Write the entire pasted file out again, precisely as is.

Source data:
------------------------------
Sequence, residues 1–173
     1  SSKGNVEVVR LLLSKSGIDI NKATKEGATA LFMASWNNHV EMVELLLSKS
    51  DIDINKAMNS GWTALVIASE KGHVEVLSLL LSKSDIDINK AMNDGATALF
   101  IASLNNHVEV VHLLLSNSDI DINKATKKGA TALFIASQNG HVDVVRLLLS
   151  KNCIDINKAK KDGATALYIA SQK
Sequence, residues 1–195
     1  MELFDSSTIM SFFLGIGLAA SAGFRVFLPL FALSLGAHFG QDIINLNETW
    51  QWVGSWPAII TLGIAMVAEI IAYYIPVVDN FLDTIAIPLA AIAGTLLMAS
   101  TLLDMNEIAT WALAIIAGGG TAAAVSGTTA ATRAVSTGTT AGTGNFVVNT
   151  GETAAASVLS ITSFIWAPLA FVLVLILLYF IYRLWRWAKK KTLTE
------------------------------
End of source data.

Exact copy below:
Sequence, residues 1–173
     1  SSKGNVEVVR LLLSKSGIDI NKATKEGATA LFMASWNNHV EMVELLLSKS
    51  DIDINKAMNS GWTALVIASE KGHVEVLSLL LSKSDIDINK AMNDGATALF
   101  IASLNNHVEV VHLLLSNSDI DINKATKKGA TALFIASQNG HVDVVRLLLS
   151  KNCIDINKAK KDGATALYIA SQK
Sequence, residues 1–195
     1  MELFDSSTIM SFFLGIGLAA SAGFRVFLPL FALSLGAHFG QDIINLNETW
    51  QWVGSWPAII TLGIAMVAEI IAYYIPVVDN FLDTIAIPLA AIAGTLLMAS
   101  TLLDMNEIAT WALAIIAGGG TAAAVSGTTA ATRAVSTGTT AGTGNFVVNT
   151  GETAAASVLS ITSFIWAPLA FVLVLILLYF IYRLWRWAKK KTLTE